Boggess KA, Berggren EK, Koskenoja V, Urlaub D, Lorenz C. Severe preeclampsia and maternal self-report of oral health, hygiene, and dental care. J Periodontol 2013;84:143-51.
Li Y, Caufield PW. The fidelity of initial acquisition of mutans streptococci by infants from their mothers. J Dent Res 1995;74:681-5.
Alwaeli HA, Al-Jundi SH. Periodontal disease awareness among pregnant women and its relationship with socio-demographic variables. Int J Dent Hyg 2005;3:74-82.
Mealey BL, Moritz AJ. Hormonal influences: Effects of diabetes mellitus and endogenous female sex steroid hormones on the periodontium. Periodontol 2000 2003;32:59-81.
Loe H, Silness J. Periodontal disease in pregnancy. I. Prevalence and severity. Acta Odontol Scand 1963;21:533-51.
Lindhe J, Brånemark PI. The effects of sex hormones on vascularization of granulation tissue. J Periodontal Res 1968;3:6-11.
Cohen DW, Friedman L, Shapiro J, Kyle GC. A longitudinal investigation of the periodontal changes during pregnancy. J Periodontol 1969;40:563-70.
Kornman KS, Loesche WJ. The subgingival microbial flora during pregnancy. J Periodontal Res 1980;15:111-22.
Sooriyamoorthy M, Gower DB. Hormonal influences on gingival tissue: Relationship to periodontal disease. J Clin Periodontol 1989;16:201-8.
Lapp CA, Thomas ME, Lewis JB. Modulation by progesterone of interleukin-6 production by gingival fibroblasts. J Periodontol 1995;66:279-84.
Machuca G, Khoshfeiz O, Lacalle JR, Machuca C, Bullón P. The influence of general health and socio-cultural variables on the periodontal condition of pregnant women. J Periodontol 1999;70:779-85.
Kallio P, Ainamo J, Dusadeepan A. Self-assessment of gingival bleeding. Int Dent J 1990;40:231-6.
Kallio P, Nordblad A, Croucher R, Ainamo J. Self-reported gingivitis and bleeding gums among adolescents in Helsinki. Community Dent Oral Epidemiol 1994;22:277-82.
Kallio P. Self-assessed bleeding in monitoring gingival health among adolescents. Community Dent Oral Epidemiol 1996;24:128-32.
Kallio P, Murtomaa H. Determinants of self-assessed gingival health among adolescents. Acta Odontol Scand 1997;55:106-10.
Eke PI, Genco RJ. CDC periodontal disease surveillance project: Background, objectives, and progress report. J Periodontol 2007;78 Suppl 7S: 1366-71.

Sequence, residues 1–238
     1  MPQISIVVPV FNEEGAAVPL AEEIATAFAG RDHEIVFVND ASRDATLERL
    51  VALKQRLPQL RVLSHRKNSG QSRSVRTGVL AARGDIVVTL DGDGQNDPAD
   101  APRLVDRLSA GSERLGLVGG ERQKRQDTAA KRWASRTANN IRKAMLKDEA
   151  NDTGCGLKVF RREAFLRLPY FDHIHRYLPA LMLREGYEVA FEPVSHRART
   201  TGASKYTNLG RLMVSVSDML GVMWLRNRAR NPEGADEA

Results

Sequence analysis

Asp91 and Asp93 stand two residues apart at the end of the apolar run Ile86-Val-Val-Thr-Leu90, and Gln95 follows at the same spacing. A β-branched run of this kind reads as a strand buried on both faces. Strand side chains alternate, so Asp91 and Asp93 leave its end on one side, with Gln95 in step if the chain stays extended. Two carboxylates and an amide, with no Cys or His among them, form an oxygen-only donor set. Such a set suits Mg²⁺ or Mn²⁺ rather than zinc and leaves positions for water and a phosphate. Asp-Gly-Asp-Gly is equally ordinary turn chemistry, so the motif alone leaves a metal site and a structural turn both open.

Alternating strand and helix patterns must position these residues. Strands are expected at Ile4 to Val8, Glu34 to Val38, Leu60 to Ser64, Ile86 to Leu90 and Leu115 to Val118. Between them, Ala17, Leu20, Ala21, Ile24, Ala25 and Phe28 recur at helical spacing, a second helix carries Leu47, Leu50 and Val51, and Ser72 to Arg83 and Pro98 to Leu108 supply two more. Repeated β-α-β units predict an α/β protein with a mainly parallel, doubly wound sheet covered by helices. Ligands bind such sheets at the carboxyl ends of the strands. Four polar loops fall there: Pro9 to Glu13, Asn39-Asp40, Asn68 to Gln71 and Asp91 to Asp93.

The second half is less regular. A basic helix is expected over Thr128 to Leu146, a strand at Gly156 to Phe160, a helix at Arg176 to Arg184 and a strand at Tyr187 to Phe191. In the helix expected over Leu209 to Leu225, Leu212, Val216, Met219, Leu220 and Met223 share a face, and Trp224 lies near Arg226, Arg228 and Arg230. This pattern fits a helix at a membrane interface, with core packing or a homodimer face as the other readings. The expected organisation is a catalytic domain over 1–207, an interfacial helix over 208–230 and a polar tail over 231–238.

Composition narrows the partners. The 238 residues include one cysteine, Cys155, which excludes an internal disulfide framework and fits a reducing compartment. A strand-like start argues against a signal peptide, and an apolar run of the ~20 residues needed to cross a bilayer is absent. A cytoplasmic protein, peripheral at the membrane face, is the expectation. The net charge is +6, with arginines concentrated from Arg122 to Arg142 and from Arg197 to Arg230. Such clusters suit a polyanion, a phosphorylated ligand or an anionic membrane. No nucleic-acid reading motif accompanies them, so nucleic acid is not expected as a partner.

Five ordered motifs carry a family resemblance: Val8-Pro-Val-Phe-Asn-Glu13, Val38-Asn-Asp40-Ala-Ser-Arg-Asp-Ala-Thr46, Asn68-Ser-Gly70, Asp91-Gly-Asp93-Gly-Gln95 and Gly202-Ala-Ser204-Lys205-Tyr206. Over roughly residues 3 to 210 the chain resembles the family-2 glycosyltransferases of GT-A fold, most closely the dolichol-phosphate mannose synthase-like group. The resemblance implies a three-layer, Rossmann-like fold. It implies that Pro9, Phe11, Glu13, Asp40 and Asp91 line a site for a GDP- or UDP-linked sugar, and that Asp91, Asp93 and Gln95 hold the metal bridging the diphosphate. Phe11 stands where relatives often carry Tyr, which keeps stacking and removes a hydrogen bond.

Page RC, Eke PI. Case definitions for use in population-based surveillance of periodontitis. J Periodontol 2007;78:1387-99.
Jeffcoat MK, Hauth JC, Geurs NC, Reddy MS, Cliver SP, Hodgkins PM, et al.
Periodontal disease and preterm birth: Results of a pilot intervention study. J Periodontol 2003;74:1214-8.
Jeffcoat MK, Geurs NC, Reddy MS, Cliver SP, Goldenberg RL, Hauth JC. Periodontal infection and preterm birth: Results of a prospective study. J Am Dent Assoc 2001;132:875-80.
Khader YS, Ta'ani Q. Periodontal diseases and the risk of preterm birth and low birth weight: A meta-analysis. J Periodontol 2005;76:161-5.
Baser U, Germen M, Erdem Y, Issever H, Yalcin F. Evaluation of gingival bleeding awareness by comparison of self-reports and clinical measurements of freshman dental students. Eur J Dent 2014;8:360-5. [Full text]
Blicher B, Joshipura K, Eke P. Validation of self-reported periodontal disease: A systematic review. J Dent Res 2005;84:881-90.
Khader Y, Alhabashneh R, Alhersh F. The validity of a self-reported periodontal disease questionnaire among Jordanians. Dentistry 2014;4:201.
Vered Y, Sgan-Cohen HD. Self – Perceived and clinically diagnosed dental and periodontal health status among young adults and their implications for epidemiological surveys. BMC Oral Health 2003;3:3.
Gilbert AD, Nuttall NM. Self-reporting of periodontal health status. Br Dent J 1999;186:241-4.
Rakchanok N, Amporn D, Yoshida Y, Harun-Or-Rashid M, Sakamoto J. Dental caries and gingivitis among pregnant and non-pregnant women in Chiang Mai, Thailand. Nagoya J Med Sci 2010;72:43-50.
Mythri H, Ananda SR, Prashant GM, Subba Reddy VV, Chandu GN. The efficacy of antiseptic mouth rinses in comparison with dental floss in controlling interproximal gingivitis. J Int Soc Prev Community Dent 2011;1:31-5.
[Table 1], [Table 2], [Table 3], [Table 4]